In her introduction, Kandiyoti also situates the collection within postcolonial and poststructuralist criticism, thereby appealing to an interdisciplinary audience interested in critical approaches to culture and politics. The fact that the cultural context under investigation is Turkey makes this promise all the more appealing, since, as Kandiyoti notes herself, critical studies of culture and politics have suffered from confining their scope to the "post-industrial West" (p. 17). In sum, the reader is left to expect not only an illumination of the cultural landscape of Turkey, but a more substantial contribution to postcolonial scholarship and postsructuralist theory in general. Likewise, in the afterword, Martin Stokes locates the collection within Turkish cultural studies as a newly emerging field of scholarship. However, cultural studies is not simply about the study of culture. Cultural studies, mostly inspired by poststructuralist criticism, emerged in response to the need to develop a more fluid understanding of culture that can only be studied from multiple perspectives beyond the confines of a particular discipline and with multiple methodologies. Hence cultural studies emerged in liminal spaces between different academic disciplines and has created controversy exactly because of its interdisciplinarity and call for the employment of flexible and multiple methodologies, where textual analysis often plays a central role. In this sense, none of the articles in the Fragments of Culture would actually qualify as "cultural studies," since none of them takes up an interdisciplinary perspective, employs multiple methodologies, or takes up a textual analysis of any sort (with the exception of Ayse Oncu's essay). Instead, they are firmly grounded in either sociological methodology (survey and interviews) or anthropology (participant observation and in-depth interviews). A textual analysis is not employed even where it is most appropriate, as in chapter 7, which looks at an instance from Turkish cinema (namely, "T=rkan Soray's rise to stardom") where one would expect some analysis of Soray's films, or perhaps media discourse on stardom. Yet this essay does not go beyond a description of Soray's public image and a rather conventional survey of socio-economic background conditions that gave rise to this image.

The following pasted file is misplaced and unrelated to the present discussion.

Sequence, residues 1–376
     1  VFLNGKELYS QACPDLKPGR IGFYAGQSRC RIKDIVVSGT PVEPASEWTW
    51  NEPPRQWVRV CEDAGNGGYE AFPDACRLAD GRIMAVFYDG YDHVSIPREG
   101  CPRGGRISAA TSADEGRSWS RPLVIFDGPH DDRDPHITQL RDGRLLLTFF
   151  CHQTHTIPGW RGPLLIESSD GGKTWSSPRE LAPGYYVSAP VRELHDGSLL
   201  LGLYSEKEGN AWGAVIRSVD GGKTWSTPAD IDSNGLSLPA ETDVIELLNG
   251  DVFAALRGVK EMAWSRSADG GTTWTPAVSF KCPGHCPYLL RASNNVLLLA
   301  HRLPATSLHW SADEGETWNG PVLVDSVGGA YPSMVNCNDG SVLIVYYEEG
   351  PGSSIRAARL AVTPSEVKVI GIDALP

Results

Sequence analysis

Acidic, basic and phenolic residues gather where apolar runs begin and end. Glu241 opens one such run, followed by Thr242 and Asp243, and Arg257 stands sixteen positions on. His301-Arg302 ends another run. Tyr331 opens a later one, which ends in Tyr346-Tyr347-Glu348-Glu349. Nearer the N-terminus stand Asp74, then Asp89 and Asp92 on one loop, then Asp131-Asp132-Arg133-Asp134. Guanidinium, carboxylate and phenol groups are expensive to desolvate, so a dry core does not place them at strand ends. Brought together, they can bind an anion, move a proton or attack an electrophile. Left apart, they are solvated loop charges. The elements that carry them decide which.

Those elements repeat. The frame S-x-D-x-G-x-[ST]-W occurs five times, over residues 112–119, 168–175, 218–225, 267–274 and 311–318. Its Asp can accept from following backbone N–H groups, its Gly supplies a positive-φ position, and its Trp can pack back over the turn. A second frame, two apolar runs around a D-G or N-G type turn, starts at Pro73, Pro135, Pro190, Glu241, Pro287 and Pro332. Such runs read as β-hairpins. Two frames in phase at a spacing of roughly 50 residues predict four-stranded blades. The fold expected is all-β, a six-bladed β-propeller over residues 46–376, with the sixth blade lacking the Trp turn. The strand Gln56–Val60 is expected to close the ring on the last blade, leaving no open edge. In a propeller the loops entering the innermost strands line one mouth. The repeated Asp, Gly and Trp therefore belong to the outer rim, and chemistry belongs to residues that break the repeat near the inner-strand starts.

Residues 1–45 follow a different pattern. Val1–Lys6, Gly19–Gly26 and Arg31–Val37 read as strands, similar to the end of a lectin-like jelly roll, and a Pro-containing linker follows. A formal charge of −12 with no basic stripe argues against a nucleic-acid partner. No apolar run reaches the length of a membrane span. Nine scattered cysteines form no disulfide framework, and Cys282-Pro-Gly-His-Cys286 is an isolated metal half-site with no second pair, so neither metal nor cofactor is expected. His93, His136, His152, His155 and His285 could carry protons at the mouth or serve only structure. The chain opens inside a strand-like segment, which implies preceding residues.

I wholeheartedly agree with Deniz Kandiyoti that in order to study the social and cultural complexities of a country like Turkey one has to break free of variants of modernization theory and take up more critical approaches offered mostly by postcolonial studies and poststructuralist criticism. I would like to stress, however, that this undertaking also places the responsibility on scholars of Turkish studies to more rigorously engage social and cultural theory and criticism, and to more explicitly state the theoretical underpinnings and implications of their work. Postcolonial scholarship does offer new and more critical ways of studying social, political, and cultural complexities in Turkey, but Turkish studies can and should also contribute to postcolonial literature, postructuralist criticism, and social and cultural theory in general. Had this collection addressed these theoretical questions and debates more rigorously, Fragments of Culture would have been a much more powerful book that could be useful in teaching and research, not only in Turkish studies but also in postcolonial scholarship and cultural studies in general.